How often do you get a sport which is “exactly what it says on the tin”? The truth is pretty often, given such examples as football, baseball, etc.…as well as netball! Netball is a competitive activity with roots dating back several centuries. The sport bears a striking resemblance to basketball in many ways, featuring an indoor court, netted hoops, and a game clock. The traction this sport has gained amongst athletic enthusiasts as a fast-paced, exciting alternative to other mainstream sports has contributed to its renown in the modern world. Today, the height of netball’s popularity is among Commonwealth countries, including Australia, Britain, Canada, and New Zealand. However, this is not to say that netball is not enjoyed globally, both competitively and recreationally.
A History: More than just a Basketball Clone?
Given that netball and basketball share a common ancestry in development as a sport, the similarities between the two independent activities are not unexpected. As previously mentioned, both sports utilize an indoor court as a choice playing environment, involve scoring via netted hoops, and play out on a time crunch. The similarities of the two sports can be traced back to the late 19th Century, when basketball was in the early phases of its development. Variations on this classic American sport began to manifest themselves, and women’s basketball began to rise as a standalone entity during the same time period. Over the next few decades, women’s basketball itself also began to differentiate in rules and playstyle.
In 1893, a variation of the sport engineered by Martina Bergman-Österberg was brought to a Physical Training College in London, but it differed greatly from the women’s basketball that, until that point, had become well-known in certain parts of the world; this version featured a playing field outside and on grass, and the baskets took on a new design that bore a closer resemblance to modern netball nets! The differences between this new form of women’s basketball and the more common variation of the sport ran so deep, Österberg ended up creating the first rendition of netball, which received recognition as its own unique sport!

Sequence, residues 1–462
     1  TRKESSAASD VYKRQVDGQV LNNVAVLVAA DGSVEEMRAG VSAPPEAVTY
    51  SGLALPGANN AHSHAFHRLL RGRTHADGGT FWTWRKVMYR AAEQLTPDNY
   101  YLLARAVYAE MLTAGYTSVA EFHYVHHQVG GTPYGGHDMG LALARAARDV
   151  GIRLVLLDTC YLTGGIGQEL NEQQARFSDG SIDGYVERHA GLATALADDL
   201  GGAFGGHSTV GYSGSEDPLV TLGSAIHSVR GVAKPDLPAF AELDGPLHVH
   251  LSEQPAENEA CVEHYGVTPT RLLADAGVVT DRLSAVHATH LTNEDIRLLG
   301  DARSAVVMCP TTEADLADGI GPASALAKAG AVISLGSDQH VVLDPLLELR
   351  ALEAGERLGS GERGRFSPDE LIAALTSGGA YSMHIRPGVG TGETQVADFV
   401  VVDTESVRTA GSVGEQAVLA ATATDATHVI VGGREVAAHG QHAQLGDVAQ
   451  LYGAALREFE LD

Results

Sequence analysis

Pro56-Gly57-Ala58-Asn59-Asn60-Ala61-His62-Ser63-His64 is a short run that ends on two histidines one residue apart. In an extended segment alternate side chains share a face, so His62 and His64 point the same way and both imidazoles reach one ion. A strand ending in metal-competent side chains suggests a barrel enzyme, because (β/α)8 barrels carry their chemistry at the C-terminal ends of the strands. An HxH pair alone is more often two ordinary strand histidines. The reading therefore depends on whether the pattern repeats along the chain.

Format and Differences from Basketball
The similarities between netball and basketball are quite evident, but the differences that define each sport as unique are perhaps even more apparent! One of the most critical differences between basketball and netball involves movement and possession of the ball. While a player holds the ball, they are not permitted to move more than 1.5 steps (the landing foot cannot touch the ground twice), and must instead depend on an open teammate to receive a throw. In basketball, a player is permitted to move, provided that he dribbles the ball as he does so; in summary, movement of a player who simply cradles the ball is never permitted across either sport, but netball features further restrictions on top of that. The lack of dribbling as a technique in netball also explains how it was originally “founded” in an outdoor environment during the late 1800s.
Other differences between netball and basketball manifest via court markings, team size/composition, and articulation of playing techniques (passing is much more central to play than basketball, to the point of being completely necessary). Contact is expected as a component of blocking, just as in basketball, but rules are no less strict regarding what is fair play,
The relationship between netball and basketball is most intriguing because it yields perspective on what constitutes their plausibly sparse differences. Netball seems to elevate patience, technique, and tact, where basketball is a greater test of what players can achieve while pressured by time, frenzied movement, and the opposing team’s defense. Ultimately, these two sports do manifest differences that make them each unique.